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'I hope The First Tackle shows kids the importance of equality'

I still remember the burning anger and annoyance I felt as the boy sat across from me uttering those words.

“You only like Darren Lockyer because you think he’s good looking. You don’t really like football.”

Darren Lockyer - who at the time was still a fullback - was actually my favourite player because of his speed, silky skills and mostly, his ability to be everywhere on the field, fighting for every point, every moment in the game. I loved that he never appeared to give up.

But I knew why the boy said that to me. The idea of girls liking football for football was too foreign to him.

I remember feeling that burning anger and annoyance again in Year 10 when discussing future career options in our “life skills” class.

“You can’t be a sports journalist,” my teacher said. “You’re a girl.”

And I still feel it today when I interview female athletes and hear the hurdles they’ve faced to be where they are now. I feel it when people dismiss sports commentators, presenters or writers, just because they are women. And I feel it when I read the social media comments about women’s sport.

I am lucky in life that despite the naysayers, I’m surrounded by the most supportive people imaginable. People who don’t tell me I can’t do something based on my gender.

That’s why it was easy for me to shrug off those comments – why I still work in sports media despite that negativity.

But while it was easy to shrug them off and continue supporting Darren Lockyer, to continue working towards my dreams, those aren’t the kinds of comments you quickly forget.

And, for some girls, they may be the kind of comments that stop them from watching sport, playing sport or working in sport altogether.

This is part of the reason I wrote my debut novel, The First Tackle.

The middle grade fiction book tells the tale of young Daniella Murphy – an avid rugby league supporter and a dreamer who wants to play the game, but is blocked by her family and teased by the schoolyard bully.

I don’t want to give away the ending, but The First Tackle is a story of empowerment.

It’s a book to remind kids they can do whatever they put their mind to and who they are and how they were born should never be used as an excuse to stop them.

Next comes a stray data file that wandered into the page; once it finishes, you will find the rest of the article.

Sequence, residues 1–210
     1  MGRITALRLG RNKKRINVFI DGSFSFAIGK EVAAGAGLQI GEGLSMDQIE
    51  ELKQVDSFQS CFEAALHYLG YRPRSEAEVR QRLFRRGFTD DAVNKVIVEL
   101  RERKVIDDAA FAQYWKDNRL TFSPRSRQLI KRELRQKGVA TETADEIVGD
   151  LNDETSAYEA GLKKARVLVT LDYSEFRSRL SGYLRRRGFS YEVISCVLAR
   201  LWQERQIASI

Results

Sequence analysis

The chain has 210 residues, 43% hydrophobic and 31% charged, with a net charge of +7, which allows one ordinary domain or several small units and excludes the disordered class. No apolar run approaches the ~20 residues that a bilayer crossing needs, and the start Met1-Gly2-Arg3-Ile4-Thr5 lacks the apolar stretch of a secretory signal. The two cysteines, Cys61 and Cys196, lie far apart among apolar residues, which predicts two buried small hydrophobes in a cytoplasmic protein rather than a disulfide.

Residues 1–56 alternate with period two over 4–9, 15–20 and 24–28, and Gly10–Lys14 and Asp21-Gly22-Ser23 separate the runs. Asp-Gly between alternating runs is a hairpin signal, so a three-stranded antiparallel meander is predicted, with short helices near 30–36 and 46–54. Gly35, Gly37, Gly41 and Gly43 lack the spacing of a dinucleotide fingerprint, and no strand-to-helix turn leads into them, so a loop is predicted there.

The inspiration for this book struck me when I was only a few days into maternity leave in 2019, as I watched the women’s All Stars match.

I knew covering women’s rugby league was what I would miss most about my time away from work to raise my firstborn son.

And so, I tapped into my other childhood dream – to be an author – to pen my first novel.

A female rugby league book is certainly not the kind of book I had growing up, but I hope The First Tackle can be a novel that many kids – especially girls – can turn to and see themselves represented in, not only now, but long into the future.

I hope it shows kids the importance of equality and how to persevere when times get tough.

And that the next time someone says they can’t do something just because they are a girl or because they are different, that they feel that anger, feel that annoyance and carry on anyway.

I hope they learn barriers are there to be broken down.

The First Tackle will be released next month.

Acknowledgement of Country

Queensland Rugby League respects and honours the Traditional Custodians of the land and pay our respects to their Elders past, present and future. We acknowledge the stories, traditions and living cultures of Aboriginal and Torres Strait Islander peoples on the lands we meet, gather and play on.

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